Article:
Reviewed by : Ron Fuchs

Composer/keyboardist/drummer Paul Panebianco’s first CD is simply an amazing piece of instrumental work. Paul basically does all the instruments himself where he multi tracks keyboards and real drums. The music Paul composes is a type of adventurous progressive rock with both fusion and modern classical elements along with some avant-garde aspects. It’s not something most listeners can digest in one sitting. It’s complex, quirky melodies, and ever changing rhythms will have the afore mentioned avant-garde fan’s drooling over each song. I’d also recommend this to fan’s of the RIO movement as well as listeners that enjoy an adventurous musical journey.

Reviewed by : Bill Noland, Progression Magazine, Issue 48 Spring 2005

Multi-Instrumentalist and Composer Paul Panebianco cites Daniel Denis and Univers Zero as key influences (among others ranging from Peter Hammill to Bartok, Ginstera and Cage). Univers Zero is an excellent comparison point for the music on Panebianco's 2005 release, Sense of Self, on which he plays keyboards and drums, and is credited with all compositions and production. The album's seven tracks (ranging from 3 to over 11 minutes) are squarely in the chamber rock mode, melding rock, 20th-century classical, and occasional jazz influences. Panebianco's playing is generally excellent, particularly on drums and piano. The jazzy piano solo in "Magic Hat" is a musical high point. Bass parts as well as some melody lines (particularly those played on a somewhat overused violin patch) are not as smooth as a real instrument, but the inventiveness of the parts and the music as a whole generally compensate. This album would likely appeal to fans of Universe Zero, Cartoon, or D.S. Al Coda-era National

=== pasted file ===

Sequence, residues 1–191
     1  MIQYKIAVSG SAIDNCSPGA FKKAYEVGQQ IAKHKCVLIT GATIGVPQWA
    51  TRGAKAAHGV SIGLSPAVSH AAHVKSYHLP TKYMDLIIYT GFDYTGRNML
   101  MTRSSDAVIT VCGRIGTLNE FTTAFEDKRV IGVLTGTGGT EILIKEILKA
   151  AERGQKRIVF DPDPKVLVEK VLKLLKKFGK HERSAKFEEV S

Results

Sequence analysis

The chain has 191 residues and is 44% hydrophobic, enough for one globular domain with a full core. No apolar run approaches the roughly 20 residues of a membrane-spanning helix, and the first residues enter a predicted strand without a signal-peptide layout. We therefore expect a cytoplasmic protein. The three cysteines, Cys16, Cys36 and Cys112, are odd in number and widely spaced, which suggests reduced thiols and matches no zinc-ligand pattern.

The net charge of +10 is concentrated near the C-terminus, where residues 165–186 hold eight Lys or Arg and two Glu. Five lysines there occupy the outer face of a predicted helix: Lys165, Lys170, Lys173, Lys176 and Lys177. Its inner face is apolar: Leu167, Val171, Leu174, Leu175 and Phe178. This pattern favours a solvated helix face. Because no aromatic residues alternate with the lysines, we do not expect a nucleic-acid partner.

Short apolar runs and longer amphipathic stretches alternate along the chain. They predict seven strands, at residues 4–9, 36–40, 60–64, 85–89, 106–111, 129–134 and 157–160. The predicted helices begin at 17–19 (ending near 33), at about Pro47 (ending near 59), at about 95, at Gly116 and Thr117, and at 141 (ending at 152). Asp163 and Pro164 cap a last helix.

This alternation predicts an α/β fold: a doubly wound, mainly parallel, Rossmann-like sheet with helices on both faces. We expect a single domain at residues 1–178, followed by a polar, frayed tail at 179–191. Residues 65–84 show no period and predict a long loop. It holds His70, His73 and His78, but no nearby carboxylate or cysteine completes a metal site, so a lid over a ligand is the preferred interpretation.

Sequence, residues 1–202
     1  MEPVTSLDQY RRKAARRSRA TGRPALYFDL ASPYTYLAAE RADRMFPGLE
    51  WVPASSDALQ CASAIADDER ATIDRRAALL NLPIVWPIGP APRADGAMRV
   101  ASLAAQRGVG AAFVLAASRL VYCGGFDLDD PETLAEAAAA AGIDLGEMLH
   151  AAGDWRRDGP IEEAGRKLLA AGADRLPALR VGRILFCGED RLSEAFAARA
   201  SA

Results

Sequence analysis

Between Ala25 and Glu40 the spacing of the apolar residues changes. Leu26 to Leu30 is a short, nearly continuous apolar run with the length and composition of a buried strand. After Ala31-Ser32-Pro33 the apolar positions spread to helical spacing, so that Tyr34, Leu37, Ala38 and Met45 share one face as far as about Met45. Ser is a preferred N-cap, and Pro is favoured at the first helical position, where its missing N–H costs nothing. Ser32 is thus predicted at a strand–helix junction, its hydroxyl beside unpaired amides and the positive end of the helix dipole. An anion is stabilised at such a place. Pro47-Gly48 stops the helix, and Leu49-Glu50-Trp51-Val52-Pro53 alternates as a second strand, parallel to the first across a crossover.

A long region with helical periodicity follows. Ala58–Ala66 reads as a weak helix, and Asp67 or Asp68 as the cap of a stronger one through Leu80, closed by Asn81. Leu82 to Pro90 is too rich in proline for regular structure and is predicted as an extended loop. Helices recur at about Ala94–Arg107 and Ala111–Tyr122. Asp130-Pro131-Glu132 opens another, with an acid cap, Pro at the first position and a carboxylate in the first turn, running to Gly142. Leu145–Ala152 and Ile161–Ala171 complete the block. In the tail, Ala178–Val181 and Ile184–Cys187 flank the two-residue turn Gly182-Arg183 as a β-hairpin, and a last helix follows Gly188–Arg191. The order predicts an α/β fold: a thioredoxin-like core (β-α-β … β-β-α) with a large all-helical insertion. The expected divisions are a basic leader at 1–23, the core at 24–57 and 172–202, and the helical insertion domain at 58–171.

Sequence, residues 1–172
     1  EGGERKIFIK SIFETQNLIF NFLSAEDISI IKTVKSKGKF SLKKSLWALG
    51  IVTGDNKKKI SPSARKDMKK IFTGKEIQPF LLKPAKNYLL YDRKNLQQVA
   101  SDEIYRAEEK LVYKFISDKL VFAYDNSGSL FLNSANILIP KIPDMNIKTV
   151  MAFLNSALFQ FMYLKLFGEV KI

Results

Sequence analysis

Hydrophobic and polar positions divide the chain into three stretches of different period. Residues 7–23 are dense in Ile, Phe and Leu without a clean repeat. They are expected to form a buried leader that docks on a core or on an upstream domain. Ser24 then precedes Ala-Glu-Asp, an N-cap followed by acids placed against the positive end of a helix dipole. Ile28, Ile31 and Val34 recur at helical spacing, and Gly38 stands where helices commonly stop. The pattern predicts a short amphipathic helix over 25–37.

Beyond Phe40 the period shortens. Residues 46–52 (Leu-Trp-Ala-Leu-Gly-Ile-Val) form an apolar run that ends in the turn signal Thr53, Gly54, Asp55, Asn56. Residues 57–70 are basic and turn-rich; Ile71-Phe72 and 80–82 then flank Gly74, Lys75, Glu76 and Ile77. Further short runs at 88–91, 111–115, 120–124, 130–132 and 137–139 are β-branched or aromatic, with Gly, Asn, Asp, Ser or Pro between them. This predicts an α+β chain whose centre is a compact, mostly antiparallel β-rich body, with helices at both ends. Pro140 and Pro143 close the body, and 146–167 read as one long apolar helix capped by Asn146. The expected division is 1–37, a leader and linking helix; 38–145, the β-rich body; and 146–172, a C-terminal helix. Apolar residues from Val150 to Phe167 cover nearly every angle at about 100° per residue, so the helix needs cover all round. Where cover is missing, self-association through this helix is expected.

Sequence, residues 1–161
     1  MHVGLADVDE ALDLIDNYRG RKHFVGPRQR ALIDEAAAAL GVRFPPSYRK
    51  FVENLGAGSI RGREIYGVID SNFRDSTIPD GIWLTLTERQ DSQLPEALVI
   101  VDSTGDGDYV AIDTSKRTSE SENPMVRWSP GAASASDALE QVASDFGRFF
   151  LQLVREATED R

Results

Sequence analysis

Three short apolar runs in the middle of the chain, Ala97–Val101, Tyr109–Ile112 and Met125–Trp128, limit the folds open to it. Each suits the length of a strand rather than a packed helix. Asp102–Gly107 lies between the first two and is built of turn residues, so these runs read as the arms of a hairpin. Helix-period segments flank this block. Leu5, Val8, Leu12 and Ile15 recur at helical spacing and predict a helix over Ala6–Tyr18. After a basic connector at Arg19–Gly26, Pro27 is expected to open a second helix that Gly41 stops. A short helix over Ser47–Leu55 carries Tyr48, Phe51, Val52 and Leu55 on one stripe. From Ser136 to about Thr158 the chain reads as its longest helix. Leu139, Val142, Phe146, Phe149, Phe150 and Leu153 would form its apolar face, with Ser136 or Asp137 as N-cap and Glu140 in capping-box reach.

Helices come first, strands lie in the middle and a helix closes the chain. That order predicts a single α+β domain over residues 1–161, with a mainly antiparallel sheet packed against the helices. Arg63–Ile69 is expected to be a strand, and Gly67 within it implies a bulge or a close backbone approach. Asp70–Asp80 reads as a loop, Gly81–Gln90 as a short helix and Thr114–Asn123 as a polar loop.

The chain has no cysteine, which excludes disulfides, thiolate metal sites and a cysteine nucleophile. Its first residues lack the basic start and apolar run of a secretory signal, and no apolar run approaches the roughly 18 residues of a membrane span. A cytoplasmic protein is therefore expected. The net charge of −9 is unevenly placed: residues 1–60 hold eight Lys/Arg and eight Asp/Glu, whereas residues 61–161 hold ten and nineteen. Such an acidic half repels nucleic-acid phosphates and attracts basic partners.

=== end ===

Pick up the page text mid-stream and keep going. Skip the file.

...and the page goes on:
Reviewed by : Paul Hightower  Expose issue No. 32 sept. 2005

Paul Panebianco is a writer and musician from New York who's decided to take the plunge into the world of independent progressive music, and I'm glad he has. Though constrained to only drums and keyboards, Panebianco manages to offer up full band arrangements with every track. Since he's primarily a keyboard player, each of the seven tracks has been conceived with this instrument in mind. Piano is often at the core of the songs, sometimes played straight, though Panebianco offers many keyboard sounds as well, such as honky-tonk piano in "Hopeful" or the harmonica-synth in "Shadow Step", or even the tubular bells in "Triumph Over Adversity". Particular Clever is Panebianco's use of a tremulous, high-pitched single violin sound that often juxtaposes against rhythmically and tonally harsher Keys parts. I can't say I've ever heard someone use this instrumental voice in quite this way and it's really delightful. Part of what also makes his songs work so well is Panebianco's appreciation of what the rhythm section can add to such harmonically and rhythmically abstract keyboard arrangements. His bass patch is is wholly convincing and the parts well conceived, plus his drumming reveals surprising finesse and maturity. So often these recordings can prove the old axiom " just because any idiot can record and produce their own music doesn't mean they should ". But Panebianco deserves much wider attention, particularly from fans of groups like The Muffins or Birdsongs of the Mesozoic. Recommended.